only took a few minutes. Before long, they were all standing on the massive back platform of the boat. The first stop was the Jacuzzi, which had a cover that slid back at the touch of a button. “This was broken,” he said. “So I had it sealed up. We can fill it with water or whatever we need when we . . . We could fill it with water and fish and have our own tank to get fresh seafood from! Pretty great, huh?” Nearby were some sliding glass doors, part of what was essentially an all-glass wall. He opened the doors and they passed through. Clio couldn’t see anything yet, but the carpet told all. Whatever she was standing on was so thick and soft it felt like she was effortlessly balancing herself on a sponge bed on the bottom of the ocean. “The lights are complicated,” her dad was saying, fumbling with something on the wall. “Oh. Here we go.” Carefully focused lights lit up in a dozen strategic points all over the ceiling, revealing a long, elegant living and dining room. Everything seemed to be made of cream-colored leather. The spongy carpet was honey-colored and extended in all directions. The air-conditioning made that gentle noise kittens make when they sleep. “Living room,” her dad said, holding out his hands toward the sofas and the plasma TV. “Over there, dining room.” “This is amazing,” Elsa said. Julia stepped closer to Clio’s dad, not quite hooking her arm through his but getting close enough to show her approval. “We can all come together in here,” he went on. “After a hard day at sea. The galley—kitchen—is through here.” 61

Her father led them to a full kitchen with sleek silver-and-black built-in appliances. Half the Williams-Sonoma catalog was stuffed in there. Clio picked up an icing tube that sat on the marble counter. “For all of those fancy pastries we like to make?” she asked. “It all came with the boat,” her father said quickly. “All of it. You haven’t even seen half the place. Come on.” Just past the kitchen was a tight circular staircase extending both up and down. They went down first, ending up in a surprisingly long hallway. The walls were made of shiny, violin-colored wood and there was low-key lighting running along the floor, like in movie theaters. Along this hallway were several doors. Her father opened the door to most of them using a single master key, revealing four snug bedrooms. Clio felt a little too much emphasis was put on showing her that Julia had her own room. He passed by a few doors and proceeded to the end of the hall. “What are in those?” Clio asked. “Oh, just supplies and stuff. Speaking of . . . it’s starting to get dark, and our loading hour will be up soon. You guys should probably go get your things from the van; then I can show you the rest.” They went back up the stairs, and Martin, Elsa, Aidan, and Julia went back to the raft to transport themselves to the dock. Clio’s father watched them through the glass doors, then leaned over to Clio conspiratorially. “I wanted to show you this in private,” he said. “It’s the best part.” “Is it the part with the phone or the computer?” she asked. “Nope. It’s your room. Upstairs!” They went back to the circular stairs and walked up. They 62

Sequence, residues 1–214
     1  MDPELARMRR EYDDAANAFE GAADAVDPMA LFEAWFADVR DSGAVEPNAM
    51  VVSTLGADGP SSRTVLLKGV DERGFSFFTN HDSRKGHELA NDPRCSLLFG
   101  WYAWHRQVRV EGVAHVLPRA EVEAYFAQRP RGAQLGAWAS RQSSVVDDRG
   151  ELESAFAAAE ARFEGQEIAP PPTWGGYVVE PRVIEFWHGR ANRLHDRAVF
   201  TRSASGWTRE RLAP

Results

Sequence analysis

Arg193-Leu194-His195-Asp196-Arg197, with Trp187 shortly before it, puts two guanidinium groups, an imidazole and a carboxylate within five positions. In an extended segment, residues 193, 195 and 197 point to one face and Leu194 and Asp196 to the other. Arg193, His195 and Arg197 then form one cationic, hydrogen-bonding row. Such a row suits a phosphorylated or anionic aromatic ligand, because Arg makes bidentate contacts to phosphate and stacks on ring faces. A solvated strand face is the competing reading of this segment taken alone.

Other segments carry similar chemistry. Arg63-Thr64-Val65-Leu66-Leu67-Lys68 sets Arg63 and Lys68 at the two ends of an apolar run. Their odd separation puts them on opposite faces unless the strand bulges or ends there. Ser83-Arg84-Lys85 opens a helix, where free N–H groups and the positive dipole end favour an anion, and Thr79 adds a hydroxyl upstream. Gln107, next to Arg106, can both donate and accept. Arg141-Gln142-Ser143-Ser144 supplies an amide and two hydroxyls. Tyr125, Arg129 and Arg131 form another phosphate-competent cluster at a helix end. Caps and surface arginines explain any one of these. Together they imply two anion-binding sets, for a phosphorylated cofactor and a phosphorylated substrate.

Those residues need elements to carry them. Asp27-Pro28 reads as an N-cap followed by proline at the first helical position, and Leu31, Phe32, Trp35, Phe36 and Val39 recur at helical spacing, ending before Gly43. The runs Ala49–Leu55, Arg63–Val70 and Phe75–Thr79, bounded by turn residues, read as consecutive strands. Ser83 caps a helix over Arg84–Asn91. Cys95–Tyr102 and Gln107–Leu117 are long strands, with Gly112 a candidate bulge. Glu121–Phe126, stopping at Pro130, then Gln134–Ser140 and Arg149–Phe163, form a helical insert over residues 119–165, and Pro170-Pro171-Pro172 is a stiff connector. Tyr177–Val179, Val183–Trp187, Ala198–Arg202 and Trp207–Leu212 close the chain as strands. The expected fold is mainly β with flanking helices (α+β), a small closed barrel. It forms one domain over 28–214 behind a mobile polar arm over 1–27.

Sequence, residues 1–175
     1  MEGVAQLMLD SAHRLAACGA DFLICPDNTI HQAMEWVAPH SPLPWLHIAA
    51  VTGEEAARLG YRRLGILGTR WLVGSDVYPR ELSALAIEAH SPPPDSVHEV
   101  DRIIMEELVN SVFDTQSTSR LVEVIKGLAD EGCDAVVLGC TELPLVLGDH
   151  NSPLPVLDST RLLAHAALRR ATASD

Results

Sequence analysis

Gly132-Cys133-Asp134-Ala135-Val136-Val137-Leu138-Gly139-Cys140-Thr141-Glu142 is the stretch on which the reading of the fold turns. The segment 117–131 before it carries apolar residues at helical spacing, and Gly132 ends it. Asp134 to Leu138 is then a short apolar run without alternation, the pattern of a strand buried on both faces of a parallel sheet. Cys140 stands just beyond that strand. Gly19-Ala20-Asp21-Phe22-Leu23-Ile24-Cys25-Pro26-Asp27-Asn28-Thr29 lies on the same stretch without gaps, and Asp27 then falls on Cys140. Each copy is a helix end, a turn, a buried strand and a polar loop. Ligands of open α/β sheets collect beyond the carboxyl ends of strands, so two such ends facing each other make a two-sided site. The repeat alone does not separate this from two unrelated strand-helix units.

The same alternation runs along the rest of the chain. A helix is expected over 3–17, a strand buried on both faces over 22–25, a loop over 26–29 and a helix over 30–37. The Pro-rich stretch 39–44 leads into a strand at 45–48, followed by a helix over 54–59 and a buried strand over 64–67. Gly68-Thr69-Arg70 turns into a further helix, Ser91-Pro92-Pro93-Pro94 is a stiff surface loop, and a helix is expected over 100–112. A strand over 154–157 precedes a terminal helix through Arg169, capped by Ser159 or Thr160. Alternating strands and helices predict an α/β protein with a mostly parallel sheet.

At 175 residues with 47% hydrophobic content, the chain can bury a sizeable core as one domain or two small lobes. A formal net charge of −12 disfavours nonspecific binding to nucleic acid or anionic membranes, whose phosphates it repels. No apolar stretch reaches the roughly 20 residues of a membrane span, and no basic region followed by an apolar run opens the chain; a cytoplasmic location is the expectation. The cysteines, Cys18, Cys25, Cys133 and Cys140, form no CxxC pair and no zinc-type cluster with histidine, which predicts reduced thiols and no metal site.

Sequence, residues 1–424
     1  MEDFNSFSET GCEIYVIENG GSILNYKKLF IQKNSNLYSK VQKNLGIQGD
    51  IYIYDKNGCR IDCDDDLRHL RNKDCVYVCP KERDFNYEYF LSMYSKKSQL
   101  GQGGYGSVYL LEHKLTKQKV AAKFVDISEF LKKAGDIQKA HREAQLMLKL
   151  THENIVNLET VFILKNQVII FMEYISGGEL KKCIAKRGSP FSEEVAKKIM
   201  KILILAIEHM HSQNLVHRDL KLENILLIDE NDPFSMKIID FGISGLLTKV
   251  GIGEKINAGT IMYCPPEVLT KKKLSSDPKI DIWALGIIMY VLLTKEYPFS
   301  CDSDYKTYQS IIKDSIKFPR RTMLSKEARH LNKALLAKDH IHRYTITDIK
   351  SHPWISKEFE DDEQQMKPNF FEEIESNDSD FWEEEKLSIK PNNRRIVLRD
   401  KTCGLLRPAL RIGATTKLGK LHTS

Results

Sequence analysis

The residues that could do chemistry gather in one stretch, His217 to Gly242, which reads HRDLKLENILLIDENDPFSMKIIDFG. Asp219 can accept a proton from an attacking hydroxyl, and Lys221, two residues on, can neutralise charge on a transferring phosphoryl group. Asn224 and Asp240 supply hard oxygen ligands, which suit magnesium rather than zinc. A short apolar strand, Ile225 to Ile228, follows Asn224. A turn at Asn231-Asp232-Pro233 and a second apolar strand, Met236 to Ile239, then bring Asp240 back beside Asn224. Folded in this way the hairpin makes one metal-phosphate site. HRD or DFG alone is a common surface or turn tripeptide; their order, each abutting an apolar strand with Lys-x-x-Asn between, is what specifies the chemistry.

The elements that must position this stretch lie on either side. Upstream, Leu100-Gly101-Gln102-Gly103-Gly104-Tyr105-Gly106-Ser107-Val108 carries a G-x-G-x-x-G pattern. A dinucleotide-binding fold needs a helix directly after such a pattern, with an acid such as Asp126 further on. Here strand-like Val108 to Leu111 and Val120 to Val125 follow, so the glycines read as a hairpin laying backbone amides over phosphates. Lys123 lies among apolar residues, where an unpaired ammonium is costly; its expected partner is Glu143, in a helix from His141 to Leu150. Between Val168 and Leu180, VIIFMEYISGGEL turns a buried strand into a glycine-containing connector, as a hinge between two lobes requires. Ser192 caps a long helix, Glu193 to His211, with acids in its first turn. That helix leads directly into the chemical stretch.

ended up in a very small vestibule with a highly slanted, halfwindowed wall that looked out over the back of the boat, the black water, and the moon. Behind them there was one honeycolored door leading to the only room on this level of the boat. “Go on in,” he said quietly. The room behind that door was about three times the size of the rooms downstairs. The carpet was thicker here, a plush, fuzzy lawn, softer than slippers. Her father flipped a switch, and a dozen unseen lights came to life, bathing the room in a soft, almost rosy light. The walls were wallpapered in a champagne color, in a pattern embossed in tiny circles. It was as if the room was very impressed with itself and going oooooh, in a slightly drunk kind of way. “This is evening lighting,” he said. “There’s also . . .” Extremely bright, yellowish light, bright as day, then half of that, then a few pinpoint lights illuminating various corners of the room. They zeroed in on two sleek dressing tables that had been built into the walls, one on the window side and one opposite. The bed was wide. Its padded, semicircular headboard was firmly attached to the wall, and the base seemed to be solidly joined to whatever was underneath the coffeecolored carpet. It wasn’t going anywhere, no matter what this boat did. “The best part is through that door,” he said with a proud grin. There was a wood veneer door on the side—the super-shiny and extra-swirly wood she had never seen outside of a car dashboard. The door slid back into a groove in the wall, revealing a not-huge bathroom, but still one much larger than a 63